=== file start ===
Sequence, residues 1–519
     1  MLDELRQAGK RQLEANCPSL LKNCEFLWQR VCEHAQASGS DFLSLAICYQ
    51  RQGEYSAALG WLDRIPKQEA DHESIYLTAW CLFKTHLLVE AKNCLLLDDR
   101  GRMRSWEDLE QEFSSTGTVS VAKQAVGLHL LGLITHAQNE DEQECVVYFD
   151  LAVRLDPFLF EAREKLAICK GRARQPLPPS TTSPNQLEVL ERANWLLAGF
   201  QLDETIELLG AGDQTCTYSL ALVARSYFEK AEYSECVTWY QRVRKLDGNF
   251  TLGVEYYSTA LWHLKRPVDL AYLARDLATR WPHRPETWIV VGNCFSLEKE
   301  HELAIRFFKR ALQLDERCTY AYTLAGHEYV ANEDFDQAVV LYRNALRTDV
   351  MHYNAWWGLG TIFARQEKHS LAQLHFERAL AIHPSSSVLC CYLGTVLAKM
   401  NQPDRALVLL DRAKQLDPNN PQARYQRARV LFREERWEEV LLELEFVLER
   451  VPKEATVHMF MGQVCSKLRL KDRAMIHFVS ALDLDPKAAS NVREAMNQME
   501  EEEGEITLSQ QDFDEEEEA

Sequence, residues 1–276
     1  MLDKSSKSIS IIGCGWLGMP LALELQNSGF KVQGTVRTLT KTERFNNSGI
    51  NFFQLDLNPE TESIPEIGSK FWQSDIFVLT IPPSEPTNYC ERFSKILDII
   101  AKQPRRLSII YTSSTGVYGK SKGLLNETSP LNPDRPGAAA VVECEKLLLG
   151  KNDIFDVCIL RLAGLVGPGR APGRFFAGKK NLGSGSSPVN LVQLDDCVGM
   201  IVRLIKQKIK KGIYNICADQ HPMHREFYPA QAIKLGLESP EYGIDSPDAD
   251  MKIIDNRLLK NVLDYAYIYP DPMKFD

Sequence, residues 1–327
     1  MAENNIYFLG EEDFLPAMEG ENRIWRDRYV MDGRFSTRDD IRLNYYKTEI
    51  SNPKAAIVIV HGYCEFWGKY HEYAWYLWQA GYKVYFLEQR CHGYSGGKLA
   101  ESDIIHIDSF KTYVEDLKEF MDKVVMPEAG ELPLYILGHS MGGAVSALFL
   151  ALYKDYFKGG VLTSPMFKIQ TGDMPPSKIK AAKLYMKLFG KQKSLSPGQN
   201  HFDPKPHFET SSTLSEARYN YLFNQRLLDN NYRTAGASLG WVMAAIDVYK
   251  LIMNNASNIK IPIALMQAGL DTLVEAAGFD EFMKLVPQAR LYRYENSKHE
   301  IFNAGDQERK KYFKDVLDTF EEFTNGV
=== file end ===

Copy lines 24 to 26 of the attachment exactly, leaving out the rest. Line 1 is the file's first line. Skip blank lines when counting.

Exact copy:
   151  ALYKDYFKGG VLTSPMFKIQ TGDMPPSKIK AAKLYMKLFG KQKSLSPGQN
   201  HFDPKPHFET SSTLSEARYN YLFNQRLLDN NYRTAGASLG WVMAAIDVYK
   251  LIMNNASNIK IPIALMQAGL DTLVEAAGFD EFMKLVPQAR LYRYENSKHE